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New Takhoman Publisher John Hathaway joins Karen Seinfeld, former Pierce County Superior Court judge and retired state Court of Appeals judge, David Seago, 2008 retired News Tribune editorial page editor, four former Tacoma mayors, seven former City Council members and other civic leaders in opposing all 12 proposed changes to the Tacoma City Charter.

If it ain’t broke, don’t fix it.

That old truism is all voters need to know to understand why all 12 proposed Tacoma City Charter amendments on the Nov. 4 ballots should be rejected.

It really is that simple. The worst of the amendments would partially dismantle the city’s 62-year-old council-manager form of government and undermine the crucial independence of Tacoma Public Utilities – all without evidence of any real need for change.

Let’s run through a checklist:

Does Tacoma have clean city government, free of political patronage and corruption? Check.

Are elected politicians on the council prevented from meddling directly in the operations of city departments like police, fire and public works? Check.

Does city-owned Tacoma Public Utilities provide dependable power and water at rates among the lowest in the region? Check.

Can the City Council fire a city manager for poor performance? Check.

Would charter changes mean more money for fixing potholed city streets, the No. 1 citizen complaint these days? Nope.

What’s afoot here? Some City Council members, particularly the strong-mayor advocates, want to tilt the charter’s careful balance of power toward the council. Two amendments in particular would undercut the executive authority of the city manager and undermine the historic partial autonomy of Tacoma Public Utilities.

The whole point of a council-manager approach is to professionalize the management of city government. The council hires a city manager, sets policy and direction, then keeps out of the way. Some complain the city manager is too powerful. We think putting the city manager’s job on the line is pretty good accountability. Remember city managers Ray Corpuz and Eric Andersen? Fired.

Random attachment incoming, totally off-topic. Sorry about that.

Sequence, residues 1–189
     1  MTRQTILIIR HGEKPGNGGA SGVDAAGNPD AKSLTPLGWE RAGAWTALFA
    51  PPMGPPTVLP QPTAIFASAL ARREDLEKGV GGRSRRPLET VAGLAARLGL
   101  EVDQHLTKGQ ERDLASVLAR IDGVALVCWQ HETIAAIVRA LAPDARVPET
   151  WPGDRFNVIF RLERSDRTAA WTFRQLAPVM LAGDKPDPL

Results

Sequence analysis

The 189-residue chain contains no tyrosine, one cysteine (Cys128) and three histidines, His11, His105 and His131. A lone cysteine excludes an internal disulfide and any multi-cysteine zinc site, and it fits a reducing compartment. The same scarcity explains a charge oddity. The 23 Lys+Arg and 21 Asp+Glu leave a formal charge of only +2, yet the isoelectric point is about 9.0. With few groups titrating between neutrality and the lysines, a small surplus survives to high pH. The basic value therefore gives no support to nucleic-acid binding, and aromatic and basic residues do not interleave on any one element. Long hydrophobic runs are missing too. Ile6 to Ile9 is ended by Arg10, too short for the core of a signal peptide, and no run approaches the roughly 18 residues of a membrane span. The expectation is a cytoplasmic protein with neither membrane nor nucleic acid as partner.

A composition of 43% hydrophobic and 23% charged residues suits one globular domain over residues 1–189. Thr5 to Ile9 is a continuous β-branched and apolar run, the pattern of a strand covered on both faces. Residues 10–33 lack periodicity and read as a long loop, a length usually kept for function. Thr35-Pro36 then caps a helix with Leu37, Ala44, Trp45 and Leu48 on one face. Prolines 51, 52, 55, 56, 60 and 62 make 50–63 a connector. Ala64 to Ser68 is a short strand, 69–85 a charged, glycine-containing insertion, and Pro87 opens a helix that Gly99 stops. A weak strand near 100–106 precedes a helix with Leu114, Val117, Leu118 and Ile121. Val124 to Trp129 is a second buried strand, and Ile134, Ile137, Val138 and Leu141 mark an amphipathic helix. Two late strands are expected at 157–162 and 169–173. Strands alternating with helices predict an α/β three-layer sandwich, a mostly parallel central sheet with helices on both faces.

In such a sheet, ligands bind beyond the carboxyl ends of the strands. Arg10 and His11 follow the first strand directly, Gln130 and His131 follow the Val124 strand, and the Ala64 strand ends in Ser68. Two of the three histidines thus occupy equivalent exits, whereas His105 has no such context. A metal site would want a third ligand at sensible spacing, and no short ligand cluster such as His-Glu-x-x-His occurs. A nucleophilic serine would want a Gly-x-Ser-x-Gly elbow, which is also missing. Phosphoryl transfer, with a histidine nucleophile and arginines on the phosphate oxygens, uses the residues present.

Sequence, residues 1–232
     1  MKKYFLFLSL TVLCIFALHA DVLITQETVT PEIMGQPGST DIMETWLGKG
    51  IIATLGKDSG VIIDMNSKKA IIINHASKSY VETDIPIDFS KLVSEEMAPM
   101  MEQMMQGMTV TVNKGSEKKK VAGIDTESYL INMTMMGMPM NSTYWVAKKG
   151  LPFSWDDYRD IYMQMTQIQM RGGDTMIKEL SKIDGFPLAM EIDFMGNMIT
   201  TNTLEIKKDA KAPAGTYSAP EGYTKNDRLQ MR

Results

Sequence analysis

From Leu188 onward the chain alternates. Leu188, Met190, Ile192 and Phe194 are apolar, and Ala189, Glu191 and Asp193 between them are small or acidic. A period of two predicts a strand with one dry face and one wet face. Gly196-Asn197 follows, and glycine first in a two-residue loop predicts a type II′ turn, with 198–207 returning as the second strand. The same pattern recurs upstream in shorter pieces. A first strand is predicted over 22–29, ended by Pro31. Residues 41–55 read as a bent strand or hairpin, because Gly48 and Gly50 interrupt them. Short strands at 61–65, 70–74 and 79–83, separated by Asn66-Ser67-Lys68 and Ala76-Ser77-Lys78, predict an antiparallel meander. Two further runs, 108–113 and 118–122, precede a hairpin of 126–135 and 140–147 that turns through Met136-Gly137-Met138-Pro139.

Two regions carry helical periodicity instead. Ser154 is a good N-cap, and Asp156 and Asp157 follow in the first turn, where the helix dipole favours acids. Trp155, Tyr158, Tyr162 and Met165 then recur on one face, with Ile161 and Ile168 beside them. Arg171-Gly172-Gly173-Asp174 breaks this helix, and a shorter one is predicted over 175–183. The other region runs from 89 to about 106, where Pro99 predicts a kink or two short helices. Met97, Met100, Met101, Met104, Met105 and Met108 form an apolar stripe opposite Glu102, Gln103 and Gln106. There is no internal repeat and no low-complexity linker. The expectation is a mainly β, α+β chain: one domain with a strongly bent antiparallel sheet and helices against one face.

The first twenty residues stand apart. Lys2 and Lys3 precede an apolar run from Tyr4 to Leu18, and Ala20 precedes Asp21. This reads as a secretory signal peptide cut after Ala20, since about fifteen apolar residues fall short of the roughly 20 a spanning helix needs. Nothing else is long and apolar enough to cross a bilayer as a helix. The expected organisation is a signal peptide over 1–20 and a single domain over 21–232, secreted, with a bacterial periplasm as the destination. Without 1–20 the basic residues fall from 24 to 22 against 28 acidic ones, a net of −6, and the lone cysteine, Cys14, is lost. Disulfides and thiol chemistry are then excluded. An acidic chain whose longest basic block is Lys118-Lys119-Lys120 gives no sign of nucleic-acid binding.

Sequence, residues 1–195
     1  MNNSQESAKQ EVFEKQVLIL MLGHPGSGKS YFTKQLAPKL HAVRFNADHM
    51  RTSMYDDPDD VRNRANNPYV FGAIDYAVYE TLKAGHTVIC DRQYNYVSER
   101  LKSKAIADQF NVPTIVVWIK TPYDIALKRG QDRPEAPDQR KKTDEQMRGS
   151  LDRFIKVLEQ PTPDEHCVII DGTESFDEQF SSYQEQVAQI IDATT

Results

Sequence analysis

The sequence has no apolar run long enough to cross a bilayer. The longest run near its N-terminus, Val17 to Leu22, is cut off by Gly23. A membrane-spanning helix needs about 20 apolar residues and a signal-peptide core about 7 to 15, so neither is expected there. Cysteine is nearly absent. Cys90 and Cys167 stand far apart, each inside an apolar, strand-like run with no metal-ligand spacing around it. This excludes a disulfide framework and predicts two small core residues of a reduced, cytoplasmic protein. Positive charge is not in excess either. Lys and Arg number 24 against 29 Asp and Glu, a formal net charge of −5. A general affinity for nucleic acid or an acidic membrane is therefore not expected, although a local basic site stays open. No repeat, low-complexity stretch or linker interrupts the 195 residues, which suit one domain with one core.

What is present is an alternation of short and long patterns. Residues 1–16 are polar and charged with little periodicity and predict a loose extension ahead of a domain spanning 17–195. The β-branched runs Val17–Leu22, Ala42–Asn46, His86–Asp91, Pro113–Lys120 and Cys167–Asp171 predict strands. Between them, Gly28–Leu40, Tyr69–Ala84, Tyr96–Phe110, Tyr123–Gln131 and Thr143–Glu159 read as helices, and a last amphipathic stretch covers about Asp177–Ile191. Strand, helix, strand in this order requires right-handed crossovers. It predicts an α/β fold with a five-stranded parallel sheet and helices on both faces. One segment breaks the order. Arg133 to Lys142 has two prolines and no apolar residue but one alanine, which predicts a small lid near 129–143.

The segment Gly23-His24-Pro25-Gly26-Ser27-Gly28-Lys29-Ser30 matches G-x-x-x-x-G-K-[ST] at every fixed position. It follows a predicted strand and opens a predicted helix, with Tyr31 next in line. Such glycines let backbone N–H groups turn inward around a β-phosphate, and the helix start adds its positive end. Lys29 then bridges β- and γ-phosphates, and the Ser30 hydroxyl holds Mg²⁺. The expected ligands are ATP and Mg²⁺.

Space doesn’t permit us to address all of the charter proposals. But let’s consider the most troublesome:

• Proposal No. 5 would require council confirmation of city department heads. If the city manager can’t independently choose his own management team, he’s not really in charge. This negates the purpose of having a council-manager form of government.

• Proposal No. 6 would require council confirmation of the TPU director’s appointment and require reconfirmation every two years.

The charter gives the Utility Board – whose members are appointed by the mayor and confirmed by the council – the sole authority to hire and fire the director. This separation of powers is designed to keep political influence out of utility operations. Yet the council retains considerable authority by having final approval of the TPU budget and rate increases.

Keeping the chief utility executive on such a short political leash with two masters is a prescription for organizational disaster. If this amendment passes, look for more attempts by the council to shift some costs of general government to utility ratepayers – a maneuver the council has unsuccessfully tried at least twice in recent years.

• Proposal No. 8 would change the current term limits for the council in such a way that a two-term council member could be elected mayor and serve a total of 18 years altogether. That’s way too long in office for a non-executive mayor who is supposed to be “first among equals” on the council rather than a career politician.

• Proposal No. 9, which would create a council-appointed salary commission to recommend council pay raises, is unwarranted. Our part-time council members already receive $42,411 a year plus medical, dental, vision and pension benefits. Their salaries automatically increase 2.75 percent a year. Serving on the City Council is not supposed to be a way to make a living.

The remaining amendments are mostly harmless. But this year’s charter review process was so botched and tainted by council influence that voters would do well to reject all of them. There’s a responsible and legitimate way to debate major changes in city government. That’s not what happened this time.

Karen Seinfeld is a former Pierce County Superior Court judge and retired state Court of Appeals judge. David Seago retired in 2008 as editorial page editor for The News Tribune. This article was submitted on behalf of a campaign group, Forward Tacoma,that includes four former Tacoma mayors, seven former City Council members and other civic leaders.

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